DETROIT (AP) -- Chrysler LLC says it's been jolted by paying millions of dollars for lead that didn't end up in batteries.
Chrysler became suspicious last spring and hired an outside expert to examine the batteries supplied by Johnson Controls Inc.
"The amount of lead invoiced to Chrysler almost always favored JCBG by several pounds per part," Chrysler said in a lawsuit in federal court in Detroit.
JCBG is Johnson Controls Battery Group, an arm of Johnson Controls, based in Milwaukee. Chrysler claims it was the victim of "systematic and deliberate overcharges" totaling more than $15 million over a two-year period.
Before the lawsuit, the companies exchanged letters about the dispute. The supplier said the contract never called for actual lead weight to be used to determine payments.
Johnson Controls said the price depended on market conditions for lead and other factors.
"The amount of lead used to make a battery is greater than the amount remaining in the end product," Tom Hansen, a battery executive at Johnson Controls, wrote May 28.
"We expect that you will continue to perform your obligations under the contract as agreed. We will not accept any so-called 'corrections' or 'adjustments' to the agreed-upon price," Hansen told Chrysler.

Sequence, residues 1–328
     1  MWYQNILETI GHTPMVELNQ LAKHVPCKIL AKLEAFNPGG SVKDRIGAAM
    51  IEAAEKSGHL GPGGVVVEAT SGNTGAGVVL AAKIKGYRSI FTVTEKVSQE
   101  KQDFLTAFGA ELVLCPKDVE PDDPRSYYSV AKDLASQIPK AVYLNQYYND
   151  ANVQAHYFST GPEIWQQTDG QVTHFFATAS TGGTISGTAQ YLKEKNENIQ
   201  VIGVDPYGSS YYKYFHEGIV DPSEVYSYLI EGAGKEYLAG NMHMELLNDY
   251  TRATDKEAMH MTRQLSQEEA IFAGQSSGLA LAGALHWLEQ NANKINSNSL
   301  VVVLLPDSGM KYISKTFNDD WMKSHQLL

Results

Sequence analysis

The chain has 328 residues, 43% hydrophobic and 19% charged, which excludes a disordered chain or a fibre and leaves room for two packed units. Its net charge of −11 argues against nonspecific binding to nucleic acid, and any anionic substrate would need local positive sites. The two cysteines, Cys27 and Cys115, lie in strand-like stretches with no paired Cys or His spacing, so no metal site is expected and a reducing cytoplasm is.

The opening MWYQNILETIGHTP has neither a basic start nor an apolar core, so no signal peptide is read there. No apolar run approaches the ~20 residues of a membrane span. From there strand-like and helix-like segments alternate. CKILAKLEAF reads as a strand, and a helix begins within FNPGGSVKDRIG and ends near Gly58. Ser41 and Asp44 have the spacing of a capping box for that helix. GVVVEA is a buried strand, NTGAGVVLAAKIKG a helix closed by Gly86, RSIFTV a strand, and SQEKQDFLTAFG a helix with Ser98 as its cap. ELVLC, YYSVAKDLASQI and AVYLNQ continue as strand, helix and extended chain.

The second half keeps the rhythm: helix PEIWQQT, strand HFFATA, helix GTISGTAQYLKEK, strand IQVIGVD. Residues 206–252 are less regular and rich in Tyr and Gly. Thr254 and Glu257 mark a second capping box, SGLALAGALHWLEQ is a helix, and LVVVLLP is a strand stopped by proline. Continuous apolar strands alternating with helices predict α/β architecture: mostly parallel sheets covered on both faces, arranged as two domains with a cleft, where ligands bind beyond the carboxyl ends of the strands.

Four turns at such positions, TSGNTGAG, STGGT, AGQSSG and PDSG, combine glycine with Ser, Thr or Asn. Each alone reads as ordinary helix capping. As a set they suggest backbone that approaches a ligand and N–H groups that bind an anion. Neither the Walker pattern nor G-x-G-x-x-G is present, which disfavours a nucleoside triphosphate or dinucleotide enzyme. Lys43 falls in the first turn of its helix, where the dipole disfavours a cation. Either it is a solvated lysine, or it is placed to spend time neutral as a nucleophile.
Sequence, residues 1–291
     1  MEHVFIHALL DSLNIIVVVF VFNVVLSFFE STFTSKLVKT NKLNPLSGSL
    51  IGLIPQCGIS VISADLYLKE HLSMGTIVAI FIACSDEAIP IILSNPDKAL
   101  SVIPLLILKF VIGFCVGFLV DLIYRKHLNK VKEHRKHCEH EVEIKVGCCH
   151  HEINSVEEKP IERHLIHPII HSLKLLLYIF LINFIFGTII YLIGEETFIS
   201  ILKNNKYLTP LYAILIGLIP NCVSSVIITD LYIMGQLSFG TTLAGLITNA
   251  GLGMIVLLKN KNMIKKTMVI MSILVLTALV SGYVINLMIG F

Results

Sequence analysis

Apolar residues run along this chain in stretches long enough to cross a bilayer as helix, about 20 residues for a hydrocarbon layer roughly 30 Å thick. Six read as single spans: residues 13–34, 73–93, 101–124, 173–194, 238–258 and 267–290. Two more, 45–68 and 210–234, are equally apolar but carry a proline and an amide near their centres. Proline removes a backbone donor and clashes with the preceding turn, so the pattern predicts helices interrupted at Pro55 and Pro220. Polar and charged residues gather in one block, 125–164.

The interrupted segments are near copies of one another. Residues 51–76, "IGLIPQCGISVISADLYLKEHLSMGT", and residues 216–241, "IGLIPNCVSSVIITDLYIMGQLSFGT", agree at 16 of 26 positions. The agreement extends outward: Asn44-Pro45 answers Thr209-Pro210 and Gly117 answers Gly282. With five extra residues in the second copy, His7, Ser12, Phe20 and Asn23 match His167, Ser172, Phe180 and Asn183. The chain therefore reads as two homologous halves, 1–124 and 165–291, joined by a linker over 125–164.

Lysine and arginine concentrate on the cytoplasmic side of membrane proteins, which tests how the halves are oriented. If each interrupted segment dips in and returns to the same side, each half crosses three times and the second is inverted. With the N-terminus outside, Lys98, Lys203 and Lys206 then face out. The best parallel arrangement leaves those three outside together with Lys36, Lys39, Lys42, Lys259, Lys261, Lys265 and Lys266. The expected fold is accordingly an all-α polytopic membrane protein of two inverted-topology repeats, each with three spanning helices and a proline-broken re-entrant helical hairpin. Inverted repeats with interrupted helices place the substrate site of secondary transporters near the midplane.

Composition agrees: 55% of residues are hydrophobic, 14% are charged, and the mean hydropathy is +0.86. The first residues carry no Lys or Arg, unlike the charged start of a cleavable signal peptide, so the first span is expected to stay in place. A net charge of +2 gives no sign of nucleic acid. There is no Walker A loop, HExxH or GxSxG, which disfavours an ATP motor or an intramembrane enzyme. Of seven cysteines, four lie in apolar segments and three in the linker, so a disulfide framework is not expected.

Chrysler spokesman Michael Palese said current battery shipments are not part of the dispute, but the Auburn Hills-based carmaker still wants to recover past payments. A message seeking comment was left with Johnson Controls.
"We believe we are owed the money," Palese said Friday.
"There was no effect on the useful life of the battery. This was just us getting shorted on content," he said.
Johnson Controls supplies batteries for Chrysler vehicles sold in the U.S. and Mexico. The lawsuit was filed in August in Oakland County Circuit Court but transferred in September to federal court.
Shares of Johnson Controls rose 76 cents, or 4.4 percent, to $17.90.